Analyses of phenotypic differentiations among South Georgian Diving Petrel (Pelecanoides georgicus) populations reveal an undescribed and highly endangered species from New Zealand
Johannes H. Fischer, Igor Debski, Colin M. Miskelly, Charles A. Bost, Aymeric Fromant, Alan J. D. Tennyson, Jake Tessler, Rosalind Cole, Johanna H. Hiscock, Graeme A. Taylor, Heiko U. Wittmer
About This Project
The South Georgia Diving Petrel is a tiny, highly specialized, wing-propelled diver; a 'flying penguin'. The New Zealand population is nationally critical and numbers 150 individuals only. Storms are the main terrestrial threat, but offshore threats remain unknown. Complete understanding of all threats is paramount to guide successful conservation management. Thanks to generous backers, it may also be possible to assess juvenile mortality to further fine-tune conservation management.
Ask the ScientistsJoin The Discussion
What is the context of this research?
New Zealand is the seabird capital of the world, but its grand diversity is under serious threat from various fronts. Most research is addressed towards the at-sea threats of the large and charismatic albatrosses. Smaller species, including the South Georgia Diving Petrel, are often threatened onshore, but may also suffer from offshore threats, which often remain unresolved. Luckily, advancing technology offers a helping hand to assess pelagic threats of smaller seabirds, even of tiny ‘flying penguins’.
What is the significance of this project?
Seabirds are vital to ecosystems. They provide vital ecosystem functions such as the movement of soil and nutrient cycling. The South Georgia Diving Petrel is the only seabird in New Zealand specialized in burrowing in dunes. Therefore this population may consist of dune ecosystem engineers with considerable conservation value. Yes, a small ‘flying penguin’ can shape a whole ecosystem.
Unfortunately, the South Georgia Diving Petrel in New Zealand has suffered massive population losses and is currently limited to Codfish Island (Whenua Hou) west of Stewart Island, New Zealand. The current population numbers only 150 individuals and is consequently considered nationally critical.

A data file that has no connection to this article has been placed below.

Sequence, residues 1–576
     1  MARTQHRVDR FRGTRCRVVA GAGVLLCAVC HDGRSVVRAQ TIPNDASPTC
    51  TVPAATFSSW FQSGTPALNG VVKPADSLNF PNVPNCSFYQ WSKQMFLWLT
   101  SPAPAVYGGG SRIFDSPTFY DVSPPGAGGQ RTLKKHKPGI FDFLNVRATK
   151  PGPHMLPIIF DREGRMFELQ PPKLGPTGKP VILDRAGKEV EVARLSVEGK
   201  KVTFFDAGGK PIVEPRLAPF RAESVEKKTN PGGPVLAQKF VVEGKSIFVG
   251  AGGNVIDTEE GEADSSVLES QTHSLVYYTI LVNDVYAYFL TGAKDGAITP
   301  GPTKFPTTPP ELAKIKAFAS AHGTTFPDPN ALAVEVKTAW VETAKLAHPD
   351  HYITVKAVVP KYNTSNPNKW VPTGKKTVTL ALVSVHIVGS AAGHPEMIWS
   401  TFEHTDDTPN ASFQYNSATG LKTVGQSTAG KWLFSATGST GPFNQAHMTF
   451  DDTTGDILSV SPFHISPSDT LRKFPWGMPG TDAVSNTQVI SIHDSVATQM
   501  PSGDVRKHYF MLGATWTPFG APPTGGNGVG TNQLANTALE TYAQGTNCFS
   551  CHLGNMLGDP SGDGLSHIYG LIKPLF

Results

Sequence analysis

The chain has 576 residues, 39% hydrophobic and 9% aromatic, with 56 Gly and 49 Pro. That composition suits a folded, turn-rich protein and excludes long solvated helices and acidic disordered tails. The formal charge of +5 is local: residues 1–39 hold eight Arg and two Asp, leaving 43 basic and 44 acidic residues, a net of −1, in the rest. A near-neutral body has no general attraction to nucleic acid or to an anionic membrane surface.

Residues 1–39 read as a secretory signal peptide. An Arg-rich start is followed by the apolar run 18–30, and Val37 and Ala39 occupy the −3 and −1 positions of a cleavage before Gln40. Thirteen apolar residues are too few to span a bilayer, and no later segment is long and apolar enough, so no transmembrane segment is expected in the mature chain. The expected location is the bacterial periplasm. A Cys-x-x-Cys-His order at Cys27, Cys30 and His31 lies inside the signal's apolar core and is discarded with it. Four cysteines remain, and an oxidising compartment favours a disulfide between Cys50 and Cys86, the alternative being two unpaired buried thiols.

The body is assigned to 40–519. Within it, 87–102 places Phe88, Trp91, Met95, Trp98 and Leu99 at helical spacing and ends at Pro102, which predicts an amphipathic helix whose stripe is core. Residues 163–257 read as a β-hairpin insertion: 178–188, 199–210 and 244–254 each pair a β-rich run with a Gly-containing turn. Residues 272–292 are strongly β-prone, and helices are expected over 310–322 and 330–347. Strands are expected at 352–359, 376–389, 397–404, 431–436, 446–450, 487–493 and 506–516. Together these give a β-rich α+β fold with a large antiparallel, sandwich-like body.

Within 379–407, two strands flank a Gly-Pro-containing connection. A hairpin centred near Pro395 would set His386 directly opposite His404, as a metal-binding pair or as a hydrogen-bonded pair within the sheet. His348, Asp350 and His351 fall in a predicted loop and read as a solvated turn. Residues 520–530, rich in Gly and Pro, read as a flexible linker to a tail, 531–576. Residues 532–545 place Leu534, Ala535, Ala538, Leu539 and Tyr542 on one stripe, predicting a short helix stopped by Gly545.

What are the goals of the project?
During the 2015/2016 breeding season, I identified storms as the major terrestrial threat to the South Georgia Diving Petrel population. To get a complete understanding of the dangers these little 'flying penguins' face, offshore threats need to be assessed. By using distributional data collected with miniaturized GLS tags, I can infer potential offshore threats. Consequently, I can guide future conservation management to safeguard this species. Protection of this species will result in secured ecosystem functions provided by this species.
In addition, by banding fledging chicks, I can assess juvenile mortality rates. This parameter is likely to be an important part of the population dynamics of this species. Understanding population dynamics is key to designing conservation strategies.
I operate on a limited budget and access to remote islands is expensive. I will use the funds for this project to maximize chances to collect GLS tags that were deployed in 2015. I need to collect these tags in order to retrieve the data. Thanks to the Dunes Trust and the ASG, I have met half of my funding requirements for next field season. Catching specific individuals is time consuming and additional funding translates directly into two more weeks on Codfish Island, and thus maximizes chances of collecting all 10 GLS tags, which is critical to conservation management. Once collected, I will extract data and assess the distribution and offshore threats of the South Georgia Diving Petrel. Furthermore, part of the funding will be used to genetically sex the tagged birds to assess sex-specific distributions.
Thanks to very generous backers, I am able to add a stretch goal! During a second trip in early 2017, I aim to catch and band chicks to assess juvenile mortality.
Meet the Team
Originally I come from the Netherlands, but a long and windy road across the globe guided by a drive to conserve our vanishing biodiversity has led me to New Zealand. Past projects I was involved with include the conservation of Pink Pigeons on Mauritius and Orangutans on Indonesian Borneo. One particular project, surveying Petrels on Round Island, Mauritius, has stuck with me and sparked my love for seabirds. Now I am studying the conservation of the South Georgia Diving Petrel for my MSc at Victoria University, Wellington, New Zealand. In the past breeding season I already uncovered many secrets of this little-known species. In the upcoming breeding season I hope to expand our understanding of these ‘flying penguins’ to the pelagic realm.
I am pleased to offer a limited-edition print of a South Georgia Diving Petrel to every donor contributing $100 or more! This print has been custom-made for this project by Ayuwat Jearwattanakanok, an incredibly talented artist and dedicated conservationist. Ayuwat has provided amazing illustrations for various global projects, including the new Handbook Of The Shorebirds of the World, and I am very grateful for his contribution to the 'flying penguin' project!
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